Beancounters at IDC, down under, have come to the conclusion that Microsoft’s Windows Phone 7 operating system is doing rather well.
Despite the fact that Microsoft has been cagey about the numbers of phones running its operating system, which is a bad sign, IDC sees a rosy future for it.
In a report IDC claimed that Windows Phone 7 had a “stronger start” than Google’s Android.
By tracking mobile phone sales on a quarterly basis, IDC said that Windows Phone 7, which went on sale on 20 October, snagged a 4.4 percent share for the quarter.
Nokia’s Symbian maintained first place with a 32.2 percent share, followed by Apple’s iOS with 30.3 percent and Android with a quarter of the market.
IDC telecommunications analyst Mark Novosel said that WP7 has had a strong start, given the short time it’s been in the market and the strong growth from Android, Apple and large increase by Symbian in Q4.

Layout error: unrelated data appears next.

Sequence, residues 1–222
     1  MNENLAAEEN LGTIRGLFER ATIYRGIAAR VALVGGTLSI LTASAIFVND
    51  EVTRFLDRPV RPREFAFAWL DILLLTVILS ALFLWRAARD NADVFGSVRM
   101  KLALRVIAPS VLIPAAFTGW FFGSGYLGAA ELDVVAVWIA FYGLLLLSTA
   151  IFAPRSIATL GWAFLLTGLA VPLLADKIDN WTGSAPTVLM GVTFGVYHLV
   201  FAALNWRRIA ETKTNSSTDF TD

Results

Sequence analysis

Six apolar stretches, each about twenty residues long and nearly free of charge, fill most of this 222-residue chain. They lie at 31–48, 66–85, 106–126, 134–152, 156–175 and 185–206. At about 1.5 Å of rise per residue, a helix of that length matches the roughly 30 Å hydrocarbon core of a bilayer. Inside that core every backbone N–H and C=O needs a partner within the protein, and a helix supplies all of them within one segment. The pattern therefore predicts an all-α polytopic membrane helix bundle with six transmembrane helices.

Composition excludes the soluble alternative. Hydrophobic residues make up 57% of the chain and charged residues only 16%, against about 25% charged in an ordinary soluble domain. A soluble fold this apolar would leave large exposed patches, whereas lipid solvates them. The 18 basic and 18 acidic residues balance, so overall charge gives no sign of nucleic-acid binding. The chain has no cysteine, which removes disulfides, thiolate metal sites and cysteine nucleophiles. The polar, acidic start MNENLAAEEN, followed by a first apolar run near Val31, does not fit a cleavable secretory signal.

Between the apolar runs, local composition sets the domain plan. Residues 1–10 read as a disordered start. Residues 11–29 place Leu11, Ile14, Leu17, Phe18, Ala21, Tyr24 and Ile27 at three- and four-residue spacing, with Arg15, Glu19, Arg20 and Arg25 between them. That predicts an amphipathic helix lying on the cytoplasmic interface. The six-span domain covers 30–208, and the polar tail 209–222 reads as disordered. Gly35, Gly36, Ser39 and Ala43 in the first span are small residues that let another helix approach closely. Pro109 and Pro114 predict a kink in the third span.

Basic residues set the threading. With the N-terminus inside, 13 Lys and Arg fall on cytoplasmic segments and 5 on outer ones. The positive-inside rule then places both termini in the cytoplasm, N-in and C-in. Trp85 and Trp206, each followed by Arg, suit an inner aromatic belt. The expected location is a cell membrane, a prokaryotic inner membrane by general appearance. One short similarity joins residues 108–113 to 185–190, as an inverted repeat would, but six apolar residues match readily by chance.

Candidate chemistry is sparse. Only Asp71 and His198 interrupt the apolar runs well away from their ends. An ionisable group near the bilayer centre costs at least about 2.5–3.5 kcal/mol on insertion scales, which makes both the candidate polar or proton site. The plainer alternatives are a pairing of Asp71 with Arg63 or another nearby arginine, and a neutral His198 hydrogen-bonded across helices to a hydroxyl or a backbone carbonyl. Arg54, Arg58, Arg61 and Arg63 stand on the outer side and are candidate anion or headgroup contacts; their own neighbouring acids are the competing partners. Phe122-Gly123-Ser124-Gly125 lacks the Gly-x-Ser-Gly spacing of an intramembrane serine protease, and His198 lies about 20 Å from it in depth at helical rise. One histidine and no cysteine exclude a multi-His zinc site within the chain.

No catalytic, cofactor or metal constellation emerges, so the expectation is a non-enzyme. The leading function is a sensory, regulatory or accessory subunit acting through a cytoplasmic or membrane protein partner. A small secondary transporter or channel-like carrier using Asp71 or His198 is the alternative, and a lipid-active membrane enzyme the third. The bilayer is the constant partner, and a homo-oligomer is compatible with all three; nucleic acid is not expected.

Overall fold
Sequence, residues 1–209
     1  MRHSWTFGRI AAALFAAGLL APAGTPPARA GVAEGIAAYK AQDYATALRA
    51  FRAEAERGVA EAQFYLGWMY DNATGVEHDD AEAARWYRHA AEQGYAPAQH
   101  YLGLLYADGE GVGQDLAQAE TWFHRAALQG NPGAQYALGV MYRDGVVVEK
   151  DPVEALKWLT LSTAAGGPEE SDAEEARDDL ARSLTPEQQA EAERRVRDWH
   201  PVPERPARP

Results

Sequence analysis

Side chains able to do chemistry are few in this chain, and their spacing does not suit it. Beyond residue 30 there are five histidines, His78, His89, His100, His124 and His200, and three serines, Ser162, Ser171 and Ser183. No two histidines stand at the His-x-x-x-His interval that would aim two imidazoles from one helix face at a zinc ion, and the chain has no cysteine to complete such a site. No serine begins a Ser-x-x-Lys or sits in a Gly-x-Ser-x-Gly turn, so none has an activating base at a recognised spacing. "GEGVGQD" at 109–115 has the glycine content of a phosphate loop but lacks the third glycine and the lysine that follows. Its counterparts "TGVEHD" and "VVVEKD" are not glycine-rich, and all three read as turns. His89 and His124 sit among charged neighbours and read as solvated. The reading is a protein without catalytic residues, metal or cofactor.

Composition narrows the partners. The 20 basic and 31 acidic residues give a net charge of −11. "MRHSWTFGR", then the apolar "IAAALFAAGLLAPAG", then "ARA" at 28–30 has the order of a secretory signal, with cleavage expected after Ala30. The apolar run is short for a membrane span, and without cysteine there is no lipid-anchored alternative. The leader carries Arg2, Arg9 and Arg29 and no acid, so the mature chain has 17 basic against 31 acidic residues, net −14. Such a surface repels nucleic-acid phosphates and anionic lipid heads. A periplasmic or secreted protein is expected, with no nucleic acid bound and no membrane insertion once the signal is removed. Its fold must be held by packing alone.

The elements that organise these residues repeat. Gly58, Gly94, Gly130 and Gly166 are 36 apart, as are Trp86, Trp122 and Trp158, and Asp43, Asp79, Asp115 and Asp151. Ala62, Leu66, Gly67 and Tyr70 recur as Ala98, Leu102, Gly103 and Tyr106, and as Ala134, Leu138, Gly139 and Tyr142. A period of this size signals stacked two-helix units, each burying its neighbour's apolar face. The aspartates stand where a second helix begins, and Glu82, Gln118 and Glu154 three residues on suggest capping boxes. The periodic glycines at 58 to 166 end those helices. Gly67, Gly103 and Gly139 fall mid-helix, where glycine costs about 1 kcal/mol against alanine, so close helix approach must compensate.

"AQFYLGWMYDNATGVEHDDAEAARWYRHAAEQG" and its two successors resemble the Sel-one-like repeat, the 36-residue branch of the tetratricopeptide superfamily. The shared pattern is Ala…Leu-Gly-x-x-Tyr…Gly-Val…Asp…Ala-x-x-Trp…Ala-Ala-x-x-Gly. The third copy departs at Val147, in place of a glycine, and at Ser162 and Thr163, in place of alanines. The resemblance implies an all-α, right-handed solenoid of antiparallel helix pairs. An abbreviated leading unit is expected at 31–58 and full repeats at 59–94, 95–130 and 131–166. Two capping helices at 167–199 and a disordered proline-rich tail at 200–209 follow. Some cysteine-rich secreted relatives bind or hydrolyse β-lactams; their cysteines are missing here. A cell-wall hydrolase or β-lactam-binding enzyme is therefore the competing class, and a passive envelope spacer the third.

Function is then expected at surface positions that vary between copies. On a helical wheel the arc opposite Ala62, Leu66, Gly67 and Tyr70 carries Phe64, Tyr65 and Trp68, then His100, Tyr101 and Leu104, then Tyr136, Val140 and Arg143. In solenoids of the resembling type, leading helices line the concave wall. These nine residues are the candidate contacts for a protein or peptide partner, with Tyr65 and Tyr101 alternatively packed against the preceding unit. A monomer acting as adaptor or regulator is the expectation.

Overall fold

He pointed out that a 4.4 percent share in the launch quarter was a very promising start.
It took Google more than 18 months to get its Android platform taken seriously.
WP7 has certainly had a stronger start than Android did, although it’s coming into the market with a lot more competition than when Android launched, Novosel said.
It will still be Android that is the market leader possibly as early as the end of this month.
Looking at Novosel’s comments it is fairly clear that he is a WP7 user.
He said that “one thing I particularly like about WP7 is the email experience”.
Novosel said it’s very intuitive, to select multiple messages you just touch at the left of the email and it brings up the multi-select option; emails are displayed nicely.
One thing we have noticed about smartphones is the need for users to evangelise their choices.
However he might be right. With Vole’s deal with Nokia all signed and sealed, and the rubber boot maker walking away from Symbian, it is too early to write Microsoft off.